By: Emme Rose Santiagudo
FREE education in public elementary and secondary schools appears to be insufficient to make Western Visayas youths stay in schools.
According to data presented by Antique Governor Rhodora Cadiao, the dropout rate in Western Visayas surged by 48.54 percent in the secondary level, and 0.50 percent in elementary level.
Cadiao, who also chairs the Regional Development Council (RDC), revealed the data in her State of the Region Address (SORA) on June 21, 2019 at RDC Hall of the National Economic and Development Authority (NEDA) regional office in Iloilo City.
Cadiao said the two main reasons why the youth scuttle their education are poverty and lack of interest.
“Lack of personal interest and financial difficulties are some of the cited reasons for the dropout rates. Even if education is practically free for all, parents are continuously confronted with daily expenses for fares, baon, food, school, projects, among others,” Cadiao said.
The RDC report also indicated that completion rate decreased by 2.26 in elementary and slightly increased by 0.12 percent in the secondary level.
Net enrolment rates for elementary and secondary levels increased by 3.77 percent and 8.60 percent, respectively.
More than 2 million students went back to school on June 3, 2019.
According to Victor De Gracia, assistant director of Department of Education (DepEd) Western Visayas, the rising dropout rate is mainly due to the never-ending problem of poverty.
De Gracia lamented that the main reason of students dropping out is they prefer to work and help their families instead of going to school.
“Base man sa pamangkot naton sa mga ga-drop out, ang ila masami ginahambal mabulig sila sa ila pamilya kag mangita livelihood. Pinakadako gid nga factor ang tungod sa kapigaduhan kag day to day maintenance para sa pamilya,” he added.
De Gracia believes that if concerns on livelihood are addressed, the attendance, particularly of the high school students, will improve.
“Livelihood ang main concern nga kon masabat tani ina, ma-solve naton ang attendance sa high school,” he said.
He revealed that he is looking into piloting a program in Antique to provide students with the opportunity to learn and earn at the same time.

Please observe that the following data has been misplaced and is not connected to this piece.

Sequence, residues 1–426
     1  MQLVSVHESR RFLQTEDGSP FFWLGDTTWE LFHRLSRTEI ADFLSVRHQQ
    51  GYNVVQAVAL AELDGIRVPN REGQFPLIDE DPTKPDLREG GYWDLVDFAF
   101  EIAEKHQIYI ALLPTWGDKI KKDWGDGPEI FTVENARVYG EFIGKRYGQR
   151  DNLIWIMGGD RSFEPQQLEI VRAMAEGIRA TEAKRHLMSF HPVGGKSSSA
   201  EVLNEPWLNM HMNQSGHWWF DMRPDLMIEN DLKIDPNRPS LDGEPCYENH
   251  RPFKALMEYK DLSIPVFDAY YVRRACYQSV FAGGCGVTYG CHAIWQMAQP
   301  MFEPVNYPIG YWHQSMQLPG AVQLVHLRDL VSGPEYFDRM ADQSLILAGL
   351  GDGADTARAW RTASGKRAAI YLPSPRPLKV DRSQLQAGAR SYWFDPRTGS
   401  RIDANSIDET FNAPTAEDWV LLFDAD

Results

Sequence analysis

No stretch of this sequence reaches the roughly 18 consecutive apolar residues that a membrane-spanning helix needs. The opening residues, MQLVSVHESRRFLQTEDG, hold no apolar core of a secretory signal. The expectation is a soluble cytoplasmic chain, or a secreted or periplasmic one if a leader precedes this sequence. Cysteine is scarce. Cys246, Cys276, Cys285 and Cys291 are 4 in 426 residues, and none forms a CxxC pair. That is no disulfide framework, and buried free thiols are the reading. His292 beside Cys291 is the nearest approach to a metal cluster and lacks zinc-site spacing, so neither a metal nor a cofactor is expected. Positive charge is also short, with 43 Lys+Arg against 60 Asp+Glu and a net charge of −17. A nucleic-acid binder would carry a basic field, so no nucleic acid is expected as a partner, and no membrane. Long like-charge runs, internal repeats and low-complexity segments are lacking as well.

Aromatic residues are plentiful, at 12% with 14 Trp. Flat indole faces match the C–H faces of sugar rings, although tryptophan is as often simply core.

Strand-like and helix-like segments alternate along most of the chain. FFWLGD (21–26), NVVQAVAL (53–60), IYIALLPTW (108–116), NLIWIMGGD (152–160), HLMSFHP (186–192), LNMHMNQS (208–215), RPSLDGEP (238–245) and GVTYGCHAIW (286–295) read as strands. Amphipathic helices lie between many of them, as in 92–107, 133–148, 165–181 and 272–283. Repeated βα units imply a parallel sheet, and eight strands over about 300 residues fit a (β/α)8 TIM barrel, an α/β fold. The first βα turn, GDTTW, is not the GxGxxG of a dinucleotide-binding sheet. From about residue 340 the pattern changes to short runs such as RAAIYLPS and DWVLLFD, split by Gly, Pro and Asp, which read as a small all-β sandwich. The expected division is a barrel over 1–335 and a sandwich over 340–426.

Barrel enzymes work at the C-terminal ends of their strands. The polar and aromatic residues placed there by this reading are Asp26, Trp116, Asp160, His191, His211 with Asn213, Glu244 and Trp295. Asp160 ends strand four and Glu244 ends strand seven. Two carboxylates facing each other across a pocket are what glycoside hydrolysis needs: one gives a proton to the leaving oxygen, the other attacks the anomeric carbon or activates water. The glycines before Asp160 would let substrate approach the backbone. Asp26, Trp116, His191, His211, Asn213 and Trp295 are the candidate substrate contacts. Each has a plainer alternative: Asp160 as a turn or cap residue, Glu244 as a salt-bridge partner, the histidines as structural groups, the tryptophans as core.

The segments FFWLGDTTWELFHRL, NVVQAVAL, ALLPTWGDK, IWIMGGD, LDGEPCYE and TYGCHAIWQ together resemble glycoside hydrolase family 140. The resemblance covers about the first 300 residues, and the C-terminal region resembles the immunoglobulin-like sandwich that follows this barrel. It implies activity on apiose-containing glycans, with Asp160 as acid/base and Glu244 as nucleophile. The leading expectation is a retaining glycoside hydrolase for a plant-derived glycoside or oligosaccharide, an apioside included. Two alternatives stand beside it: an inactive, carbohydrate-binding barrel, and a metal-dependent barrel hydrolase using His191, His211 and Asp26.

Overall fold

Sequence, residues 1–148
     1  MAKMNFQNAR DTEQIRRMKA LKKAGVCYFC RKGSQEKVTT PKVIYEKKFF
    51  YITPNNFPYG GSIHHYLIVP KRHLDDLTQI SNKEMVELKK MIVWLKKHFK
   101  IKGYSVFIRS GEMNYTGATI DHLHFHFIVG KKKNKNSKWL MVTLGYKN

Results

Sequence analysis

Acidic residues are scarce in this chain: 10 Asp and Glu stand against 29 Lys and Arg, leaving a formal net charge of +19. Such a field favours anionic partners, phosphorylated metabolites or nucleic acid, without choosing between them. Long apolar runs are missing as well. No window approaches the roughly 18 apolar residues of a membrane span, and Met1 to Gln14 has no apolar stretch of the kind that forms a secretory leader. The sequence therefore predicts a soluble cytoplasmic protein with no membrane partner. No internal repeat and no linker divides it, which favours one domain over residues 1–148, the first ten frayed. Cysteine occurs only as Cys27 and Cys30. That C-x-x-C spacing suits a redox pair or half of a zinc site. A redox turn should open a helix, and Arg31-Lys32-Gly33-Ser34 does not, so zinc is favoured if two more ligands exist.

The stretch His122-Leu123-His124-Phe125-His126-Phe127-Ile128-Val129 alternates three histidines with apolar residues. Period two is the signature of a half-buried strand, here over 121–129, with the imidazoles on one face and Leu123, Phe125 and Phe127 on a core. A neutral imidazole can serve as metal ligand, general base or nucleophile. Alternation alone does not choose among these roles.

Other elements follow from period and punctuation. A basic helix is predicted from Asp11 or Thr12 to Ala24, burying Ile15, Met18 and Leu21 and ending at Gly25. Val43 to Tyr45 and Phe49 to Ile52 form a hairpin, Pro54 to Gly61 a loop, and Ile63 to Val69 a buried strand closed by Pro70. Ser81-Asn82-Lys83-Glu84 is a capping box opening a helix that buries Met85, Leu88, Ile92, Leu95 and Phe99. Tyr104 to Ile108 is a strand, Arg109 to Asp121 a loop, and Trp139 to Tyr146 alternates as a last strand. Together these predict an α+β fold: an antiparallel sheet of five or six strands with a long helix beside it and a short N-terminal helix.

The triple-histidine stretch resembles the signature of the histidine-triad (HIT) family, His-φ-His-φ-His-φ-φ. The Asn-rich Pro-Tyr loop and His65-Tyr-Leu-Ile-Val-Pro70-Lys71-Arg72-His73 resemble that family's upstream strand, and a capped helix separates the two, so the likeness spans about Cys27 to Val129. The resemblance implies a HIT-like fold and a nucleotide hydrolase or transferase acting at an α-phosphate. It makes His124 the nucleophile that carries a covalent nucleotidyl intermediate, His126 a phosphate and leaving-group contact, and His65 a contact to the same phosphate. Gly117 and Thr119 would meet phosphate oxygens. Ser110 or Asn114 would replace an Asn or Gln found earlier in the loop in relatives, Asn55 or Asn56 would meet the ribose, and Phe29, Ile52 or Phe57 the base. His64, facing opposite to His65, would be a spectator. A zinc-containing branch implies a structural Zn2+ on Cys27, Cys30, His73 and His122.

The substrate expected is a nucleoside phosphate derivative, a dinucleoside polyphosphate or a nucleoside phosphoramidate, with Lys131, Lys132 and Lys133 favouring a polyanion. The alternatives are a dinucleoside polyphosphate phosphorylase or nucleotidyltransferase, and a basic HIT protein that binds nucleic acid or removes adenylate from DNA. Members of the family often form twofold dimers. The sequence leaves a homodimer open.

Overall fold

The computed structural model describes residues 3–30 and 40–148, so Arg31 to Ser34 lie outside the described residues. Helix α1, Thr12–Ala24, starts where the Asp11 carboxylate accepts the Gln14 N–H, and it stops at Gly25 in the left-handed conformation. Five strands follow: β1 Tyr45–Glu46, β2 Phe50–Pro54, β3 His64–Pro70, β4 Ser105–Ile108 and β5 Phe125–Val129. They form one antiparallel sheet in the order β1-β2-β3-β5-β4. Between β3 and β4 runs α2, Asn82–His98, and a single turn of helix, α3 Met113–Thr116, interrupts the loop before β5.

“‘Obra Eskwela’ is my concept which would include livelihood and convergence among agencies. Through my concept, the students learn and at the same time they work through our alternative learning system (ALS),” he said.
According to De Gracia, existing livelihood programs of various agencies can be deployed for out of school youth.
“Our modules are very flexible and pwede gid ma-adjust kon ano ang mga existing livelihood programs like in Antique ang Department of Labor and Employment (DOLE) may ara sila nga “Tupad Program’. I-partner ko sila tapos bayran sang DOLE ang labor kag i-provide sang DepEd ang pag-eskwela thru our modules in the ALS,” he said.
To counter the lack of interest among students, De Gracia emphasized the need to enhance the motivation and instruction techniques of the teachers.
“It can really be addressed by the teachers. Pwede gid ma-address ina sa teachers, kay gadepende gid ina sa pag atipan sang mga maestra, sa ila skills sang pag-deliver nila sang lesson nila nga himuon nila nga very interesting, mga techniques on motivation, instruction, dapat hanason ang aton mga teachers nga daw deficient dira,” he said.
De Gracia added that supervisors, superintendents and principals also have a great role in monitoring and improving classroom supervision.
“In that regard, iimprove ang classroom supervision, dapat masulod gid ang mga supervisors, superintendents and principals kadtuan nila ang classroom kag mabal-an nila kon ano ang sitwasyon kag buligan ang may mga weaknesses pa in teaching effectively the students,” he said.
More importantly, De Gracia stressed that parents should also support their children especially at home.
“Important gid ang parents, kay i-follow up gid sa balay, so dapat ma-reach out man sang aton teachers ang parents para aware sila kung ano ang sitwasyon sang kabataan kag kung ano ila mabulig in terms of support at home,” he said.